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Linear prediction is a method used to estimate a time-varying filter, often as a model of a vocal tract. Musical applications of linear prediction substitute various signals as excitation sources for the time-varying filter. This mini-project guides you to develop the basic technique for computing and applying a time-varying filter in LabVIEW. After experimenting with different excitation sources and linear prediction model parameters, you will develop a VI to cross-synthesize a speech signal and a musical signal.
This module refers to LabVIEW, a software development environment that features a graphical programming language. Please see the LabVIEW QuickStart Guide module for tutorials and documentation that will help you:
•Apply LabVIEW to Audio Signal Processing
•Get started with LabVIEW
•Obtain a fully-functional evaluation edition of LabVIEW

Objective

Linear prediction is a method used to estimate a time-varying filter, often as a model of a vocal tract. Musical applications of linear prediction substitute various signals as excitation sources for the time-varying filter.

This mini-project will give you chance to develop the basic technique for computing and applying a time-varying filter. Next, you will experiment with different excitation sources and linear prediction model parameters.Finally, you will learn about cross-synthesis.

Prerequisite modules

If you have not done so already, please study the prerequisite modules Linear Prediction and Cross Synthesis . If you are relatively new to LabVIEW, consider taking the course LabVIEW Techniques for Audio Signal Processing which provides the foundation you need to complete this mini-project activity, including working with arrays, creating subVIs, playing an array to the soundcard, and saving an array as a .wav sound file.

Deliverables

  • All LabVIEW code that you develop (block diagrams and front panels)
  • All generated sounds in .wav format
  • Any plots or diagrams requested
  • Summary write-up of your results

Part 1: framing and de-framing

Time-varying filters operate by applying a fixed set of coefficients on short blocks (or "frames") of the signal; the coefficients are varied from one frame to the next. In this part you will develop the basic technique used to"frame" and "de-frame" a signal so that a filter can be applied individually to each frame.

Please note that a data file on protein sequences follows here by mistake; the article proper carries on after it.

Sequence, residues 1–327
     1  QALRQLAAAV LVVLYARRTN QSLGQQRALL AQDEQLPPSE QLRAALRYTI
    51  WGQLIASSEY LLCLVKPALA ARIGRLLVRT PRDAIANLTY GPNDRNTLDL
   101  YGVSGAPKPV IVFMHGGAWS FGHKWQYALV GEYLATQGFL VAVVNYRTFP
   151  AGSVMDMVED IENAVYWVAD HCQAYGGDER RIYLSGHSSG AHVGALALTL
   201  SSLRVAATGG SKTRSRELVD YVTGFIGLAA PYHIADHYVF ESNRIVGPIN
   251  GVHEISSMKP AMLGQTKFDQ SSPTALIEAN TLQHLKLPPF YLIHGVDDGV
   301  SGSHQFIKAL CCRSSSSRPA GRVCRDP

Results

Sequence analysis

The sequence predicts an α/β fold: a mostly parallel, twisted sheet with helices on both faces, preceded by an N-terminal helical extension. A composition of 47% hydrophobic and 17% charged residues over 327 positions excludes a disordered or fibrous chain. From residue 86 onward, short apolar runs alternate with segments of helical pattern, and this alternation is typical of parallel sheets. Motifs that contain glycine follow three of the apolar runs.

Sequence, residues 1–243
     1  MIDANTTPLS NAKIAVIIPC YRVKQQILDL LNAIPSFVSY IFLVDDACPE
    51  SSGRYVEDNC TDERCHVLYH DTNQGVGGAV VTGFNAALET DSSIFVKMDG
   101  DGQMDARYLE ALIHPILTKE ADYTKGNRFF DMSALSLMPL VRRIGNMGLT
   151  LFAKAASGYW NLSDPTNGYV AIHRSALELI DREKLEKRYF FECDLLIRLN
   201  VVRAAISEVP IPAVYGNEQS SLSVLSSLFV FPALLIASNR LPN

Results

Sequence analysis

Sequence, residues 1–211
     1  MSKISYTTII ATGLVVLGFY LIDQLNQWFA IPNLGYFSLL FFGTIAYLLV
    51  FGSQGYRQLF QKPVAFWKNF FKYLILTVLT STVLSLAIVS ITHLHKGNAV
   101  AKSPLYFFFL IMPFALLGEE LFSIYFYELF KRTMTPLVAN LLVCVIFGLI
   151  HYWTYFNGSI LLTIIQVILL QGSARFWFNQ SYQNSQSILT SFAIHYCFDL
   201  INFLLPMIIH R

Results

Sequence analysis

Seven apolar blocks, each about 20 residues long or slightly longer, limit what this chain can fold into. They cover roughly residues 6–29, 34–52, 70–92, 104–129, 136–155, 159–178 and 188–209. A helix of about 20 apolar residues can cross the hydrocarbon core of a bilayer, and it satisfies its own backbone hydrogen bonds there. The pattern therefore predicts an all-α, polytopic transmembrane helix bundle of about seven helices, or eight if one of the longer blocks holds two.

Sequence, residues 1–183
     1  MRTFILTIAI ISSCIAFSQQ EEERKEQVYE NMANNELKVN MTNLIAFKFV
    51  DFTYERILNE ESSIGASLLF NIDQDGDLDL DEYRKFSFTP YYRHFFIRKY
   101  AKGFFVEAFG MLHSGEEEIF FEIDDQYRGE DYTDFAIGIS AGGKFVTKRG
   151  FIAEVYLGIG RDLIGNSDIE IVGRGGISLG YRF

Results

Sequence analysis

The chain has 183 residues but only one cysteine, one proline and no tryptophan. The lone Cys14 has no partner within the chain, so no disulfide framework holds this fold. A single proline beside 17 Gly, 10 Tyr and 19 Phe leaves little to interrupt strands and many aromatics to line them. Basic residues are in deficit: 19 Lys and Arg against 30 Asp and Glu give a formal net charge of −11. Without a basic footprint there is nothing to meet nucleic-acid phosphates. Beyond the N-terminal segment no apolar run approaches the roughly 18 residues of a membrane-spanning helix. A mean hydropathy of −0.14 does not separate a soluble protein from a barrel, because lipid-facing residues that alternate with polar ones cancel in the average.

Download and open framing.vi .

The "Reshape Array" node forms the heart of framing and de-framing, since you can reshape the incoming 1-D signal vector into a 2-D array of frames.The auto-indexing feature of the "for loop" structure automatically loops over all of the frames, so it is not necessary to wire a value to the loop termination terminal. You can access the individual frame as a 1-D vector inside the loop structure.Auto-indexing is also used on the loop output to create a new 2-D array, so "Reshape Array" is again used to convert the signal back to a 1-D vector.

Study the entire VI, including the unconnected blocks which you will find useful. Complete the VI so that you can select frame sizes of between 1 and 9. Enable the "Highlight Execution" option, and display your block diagram andfront panel simultaneously (press Ctrl-T). Convince yourself that your technique works properly. For example, when you select a frame size of 2, you should observe that the front-panel indicator "frame" displays "0,1", then "2,3", then "4,5",and so on. You should also observe that the "out" indicator matches the original.

Part 2: time-varying filter using linear prediction

Download the file part2.zip , a .zip archive that contains three VIs: part2.vi, blp.vi (band-limited pulse source), and WavRead.vi (reads a .wav audio file). Complete this VI by creating your own "Framer" and "DeFramer" VIs using the techniques you developed in Part 1.

Create or find a speech-type .wav file to use as a basis for the linear prediction filter. Vary the frame size and filter order parameters as well as the various type of excitation sources. Study the effect of each parameter and discuss your results.Submit one or two representative .wav files.

Part 3: cross synthesis

"Cross synthesis" applies the spectral envelope of one signal (e.g., speech) to another signal (e.g., a musical instrument). Find or create a speech signal and use it to generate a time-varying filter.Find or create a music signal and use it as the excitation. The sound files should have the same sampling frequency.

Repeat for a second set of signals. You might also try cross synthesizing two different speech signals or two different music signals.

Show your results, particularly the spectrograms of the two original signals and the spectrogram of the output signal.

Select your favorite result and submit .wav files of the two source signals and the output signal.

Questions & Answers

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Source:  OpenStax, Musical signal processing with labview -- subtractive synthesis. OpenStax CNX. Nov 07, 2007 Download for free at http://cnx.org/content/col10484/1.2
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